Sir James's daughter Alice had eloped with medical student Norman Rutherford, the son of a local doctor in Shipley, in 1902 and married him in Scotland. He later became a decorated war hero, but in 1919 he shot and killed Alice's alleged lover, Major Miles Seaton. He was found guilty and sent to Broadmoor psychiatric hospital, but was later released and returned to Yorkshire.

Bertram had four children at the time of his death, after which his brother Harry took over the management of the mill until he was conscripted into the army. He never returned to the business after his war injury and retired to a farm in Jersey. Bertram's eldest son, James Denby, inherited the business and baronetcy.

By 1918, the Robertses had left and there were several unusual and premature deaths among the families who subsequently lived at Milner Field, and the house became difficult to sell or let as its ghoulish reputation grew.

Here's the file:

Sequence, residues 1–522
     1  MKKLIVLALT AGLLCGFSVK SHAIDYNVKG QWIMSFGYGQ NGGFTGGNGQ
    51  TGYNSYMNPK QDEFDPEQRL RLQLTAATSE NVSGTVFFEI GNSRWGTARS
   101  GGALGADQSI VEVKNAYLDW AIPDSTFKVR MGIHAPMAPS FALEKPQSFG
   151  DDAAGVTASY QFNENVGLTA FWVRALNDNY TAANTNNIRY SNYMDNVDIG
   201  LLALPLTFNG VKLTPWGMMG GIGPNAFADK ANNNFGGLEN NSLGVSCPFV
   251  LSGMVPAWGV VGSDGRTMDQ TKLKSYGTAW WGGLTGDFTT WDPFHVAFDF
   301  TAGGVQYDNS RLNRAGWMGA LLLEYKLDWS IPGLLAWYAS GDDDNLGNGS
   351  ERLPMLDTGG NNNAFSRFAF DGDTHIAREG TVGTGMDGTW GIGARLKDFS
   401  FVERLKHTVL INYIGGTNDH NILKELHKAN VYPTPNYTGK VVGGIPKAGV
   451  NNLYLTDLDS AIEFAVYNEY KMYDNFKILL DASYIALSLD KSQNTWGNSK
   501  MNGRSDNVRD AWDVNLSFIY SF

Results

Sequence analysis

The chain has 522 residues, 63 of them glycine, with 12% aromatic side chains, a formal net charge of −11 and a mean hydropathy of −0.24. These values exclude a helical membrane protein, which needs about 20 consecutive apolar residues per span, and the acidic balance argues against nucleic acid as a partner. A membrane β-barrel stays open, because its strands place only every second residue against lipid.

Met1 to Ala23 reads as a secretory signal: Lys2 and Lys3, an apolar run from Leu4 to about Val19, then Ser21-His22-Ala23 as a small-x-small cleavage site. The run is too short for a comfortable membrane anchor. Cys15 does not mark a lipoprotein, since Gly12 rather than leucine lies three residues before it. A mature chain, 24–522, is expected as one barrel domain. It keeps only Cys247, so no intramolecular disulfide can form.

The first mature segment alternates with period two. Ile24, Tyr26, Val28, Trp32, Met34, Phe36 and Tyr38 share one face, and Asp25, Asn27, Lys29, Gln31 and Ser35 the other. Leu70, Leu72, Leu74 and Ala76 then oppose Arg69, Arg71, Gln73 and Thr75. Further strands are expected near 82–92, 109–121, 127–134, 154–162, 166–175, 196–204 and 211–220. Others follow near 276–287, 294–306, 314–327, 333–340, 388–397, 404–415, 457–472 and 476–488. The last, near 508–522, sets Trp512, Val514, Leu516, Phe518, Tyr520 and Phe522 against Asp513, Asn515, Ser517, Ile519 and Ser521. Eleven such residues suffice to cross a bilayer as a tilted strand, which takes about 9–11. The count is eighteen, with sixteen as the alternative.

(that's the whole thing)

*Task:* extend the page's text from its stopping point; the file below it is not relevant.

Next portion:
Ernest Gates moved in in 1923, but lost his wife Eva to blood poisoning blamed on a rusty staircase nail just weeks later. Two years later, he died of septicaemia himself after cutting his foot.

The final owner, Arthur Remington Hollins, took up residence in 1925 - both he and Gates had been managing directors at Salts Mill. His wife Anne died of pneumonia at 43 less than a year later – said to have been caused by the damp at Milner Field, which had culverted streams running beneath it - and three years later Arthur died at 51.

By 1933, the great Milner Field was abandoned and began to be stripped of its materials. It was requisitioned for military training, and finally razed.

"The conservatory remained intact for much longer, and was pretty mouch untouched even by the early 60s.”